Canada’s No. 1 problem in personal finance is not a lack of saving, it’s spending beyond our means. Eric and Ilsa show us that it’s a problem uniting people of all backgrounds. This couple is you and me, only with a higher income.But if mockery may not be the most productive response to a couple overspending a budget most families can only dream of, surely it's worth looking at the example to question our assumptions about increased income and wealth. And on that front, Michael Lewis' observations are worth keeping in mind:
Mark it down – income inequality is a problem with legs. Economic growth isn’t going to raise all boats any time soon. Seven years after the global financial crisis, we continue to hear dismal economic news that suggests people fighting to keep what they have and not gain ground. We have a generation of young adults today who seem poised to achieve a lower standard of living than their parents.
Darn right, people are mad about this.
The real issue is not the wealth of the 1 per cent, but the difficulty the 99 per cent is having in raising its own standard of living. Why are young people having so much trouble landing career-building jobs? Why are pensions disappearing? Why are more companies offering contract work instead of full-time jobs? Why is it so hard for laid off middle-aged workers to find new employment?
If you want to hear more about wealth inequality, make it an issue in the federal election campaign coming later this year. As for Eric and Ilsa, let’s dial it down. Mocking them means we’re not talking about what really matters.
(I)t is beginning to seem that the problem isn't that the kind of people who wind up on the pleasant side of inequality suffer from some moral disability that gives them a market edge. The problem is caused by the inequality itself: It triggers a chemical reaction in the privileged few. It tilts their brains. It causes them to be less likely to care about anyone but themselves or to experience the moral sentiments needed to be a decent citizen.
Or even a happy one. Not long ago, an enterprising professor at the Harvard Business School named Mike Norton persuaded a big investment bank to let him survey the bank's rich clients. (The poor people in the survey were millionaires.) In a forthcoming paper, Norton and his colleagues track the effects of getting money on the happiness of people who already have a lot of it: A rich person getting even richer experiences zero gain in happiness. That's not all that surprising; it's what Norton asked next that led to an interesting insight. He asked these rich people how happy they were at any given moment. Then he asked them how much money they would need to be even happier. "All of them said they needed two to three times more than they had to feel happier," says Norton.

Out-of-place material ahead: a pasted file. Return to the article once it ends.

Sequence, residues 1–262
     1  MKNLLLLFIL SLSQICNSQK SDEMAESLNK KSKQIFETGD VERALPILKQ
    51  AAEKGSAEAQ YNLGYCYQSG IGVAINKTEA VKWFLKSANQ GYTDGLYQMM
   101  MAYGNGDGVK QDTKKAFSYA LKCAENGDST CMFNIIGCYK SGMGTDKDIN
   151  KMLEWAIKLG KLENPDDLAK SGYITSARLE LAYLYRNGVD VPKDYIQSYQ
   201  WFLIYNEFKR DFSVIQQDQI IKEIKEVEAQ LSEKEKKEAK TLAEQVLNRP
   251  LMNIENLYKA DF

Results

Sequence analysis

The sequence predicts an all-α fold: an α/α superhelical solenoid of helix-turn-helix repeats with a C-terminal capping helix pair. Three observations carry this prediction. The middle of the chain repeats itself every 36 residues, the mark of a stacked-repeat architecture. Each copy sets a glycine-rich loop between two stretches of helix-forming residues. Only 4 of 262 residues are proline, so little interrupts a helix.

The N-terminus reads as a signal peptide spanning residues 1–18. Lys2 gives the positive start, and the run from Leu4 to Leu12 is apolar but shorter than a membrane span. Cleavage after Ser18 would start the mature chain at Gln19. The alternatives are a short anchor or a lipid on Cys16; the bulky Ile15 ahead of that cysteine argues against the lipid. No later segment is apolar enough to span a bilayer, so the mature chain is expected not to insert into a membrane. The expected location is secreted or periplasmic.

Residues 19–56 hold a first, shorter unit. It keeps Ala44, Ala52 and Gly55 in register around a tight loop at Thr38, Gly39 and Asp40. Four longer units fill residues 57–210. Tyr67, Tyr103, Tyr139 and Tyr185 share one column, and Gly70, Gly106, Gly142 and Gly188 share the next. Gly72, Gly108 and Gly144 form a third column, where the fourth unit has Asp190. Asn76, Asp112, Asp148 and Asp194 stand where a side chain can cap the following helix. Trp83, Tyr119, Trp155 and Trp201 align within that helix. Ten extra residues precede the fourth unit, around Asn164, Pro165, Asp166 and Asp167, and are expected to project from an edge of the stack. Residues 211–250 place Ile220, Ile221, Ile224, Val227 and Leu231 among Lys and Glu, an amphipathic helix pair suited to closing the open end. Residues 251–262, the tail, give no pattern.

The evidence overwhelmingly suggests that money, above a certain modest sum, does not have the power to buy happiness, and yet even very rich people continue to believe that it does: The happiness will come from the money they don't yet have.
Hence the apparent inclination to overspend at nearly any income level in an effort to seek out a bit more of that supposed happiness than one can currently afford. And while Eric and Ilsa offer up a particularly obvious set of unnecessary expenses which are being treated as inevitable parts of a family's spending, I'd strongly suspect most family budgets include some regular expenses which are similarly questionable in importance (if not in amount).
Which means that in addition to Carrick's message about income inequality, there's another lesson to be learned.
Rather than settling for the default assumption that everybody will be perpetually unhappy for want of several times their current income, we should work on ensuring that everybody's basic needs are met, then developing family and social fulfillment within our means. And an essential part of that process involves stopping the cycle of finding happiness only in terms of what can be bought - no matter what one's current income.